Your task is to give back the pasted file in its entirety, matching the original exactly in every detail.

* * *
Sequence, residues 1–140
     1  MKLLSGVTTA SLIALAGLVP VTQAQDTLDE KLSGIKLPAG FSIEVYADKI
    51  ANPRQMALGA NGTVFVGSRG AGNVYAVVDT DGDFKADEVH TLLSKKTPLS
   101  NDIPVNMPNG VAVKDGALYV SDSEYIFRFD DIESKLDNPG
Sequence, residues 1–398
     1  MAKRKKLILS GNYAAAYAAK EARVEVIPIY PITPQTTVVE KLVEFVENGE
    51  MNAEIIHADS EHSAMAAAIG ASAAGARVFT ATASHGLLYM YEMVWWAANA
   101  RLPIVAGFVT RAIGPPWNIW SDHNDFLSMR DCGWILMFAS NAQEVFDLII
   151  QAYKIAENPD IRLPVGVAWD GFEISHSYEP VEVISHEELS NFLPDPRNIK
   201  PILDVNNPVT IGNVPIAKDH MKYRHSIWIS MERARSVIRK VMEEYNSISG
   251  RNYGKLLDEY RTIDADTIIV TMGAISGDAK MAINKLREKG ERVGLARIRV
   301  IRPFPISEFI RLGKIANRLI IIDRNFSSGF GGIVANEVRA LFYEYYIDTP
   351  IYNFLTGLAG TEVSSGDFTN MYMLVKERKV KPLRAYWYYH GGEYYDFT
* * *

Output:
Sequence, residues 1–140
     1  MKLLSGVTTA SLIALAGLVP VTQAQDTLDE KLSGIKLPAG FSIEVYADKI
    51  ANPRQMALGA NGTVFVGSRG AGNVYAVVDT DGDFKADEVH TLLSKKTPLS
   101  NDIPVNMPNG VAVKDGALYV SDSEYIFRFD DIESKLDNPG
Sequence, residues 1–398
     1  MAKRKKLILS GNYAAAYAAK EARVEVIPIY PITPQTTVVE KLVEFVENGE
    51  MNAEIIHADS EHSAMAAAIG ASAAGARVFT ATASHGLLYM YEMVWWAANA
   101  RLPIVAGFVT RAIGPPWNIW SDHNDFLSMR DCGWILMFAS NAQEVFDLII
   151  QAYKIAENPD IRLPVGVAWD GFEISHSYEP VEVISHEELS NFLPDPRNIK
   201  PILDVNNPVT IGNVPIAKDH MKYRHSIWIS MERARSVIRK VMEEYNSISG
   251  RNYGKLLDEY RTIDADTIIV TMGAISGDAK MAINKLREKG ERVGLARIRV
   301  IRPFPISEFI RLGKIANRLI IIDRNFSSGF GGIVANEVRA LFYEYYIDTP
   351  IYNFLTGLAG TEVSSGDFTN MYMLVKERKV KPLRAYWYYH GGEYYDFT